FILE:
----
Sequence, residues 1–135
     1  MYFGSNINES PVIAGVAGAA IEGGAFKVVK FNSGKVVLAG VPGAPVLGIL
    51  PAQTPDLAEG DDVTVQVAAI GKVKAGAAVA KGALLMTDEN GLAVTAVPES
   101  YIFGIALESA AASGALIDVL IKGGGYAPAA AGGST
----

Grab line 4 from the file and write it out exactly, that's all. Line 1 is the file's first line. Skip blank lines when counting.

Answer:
   101  YIFGIALESA AASGALIDVL IKGGGYAPAA AGGST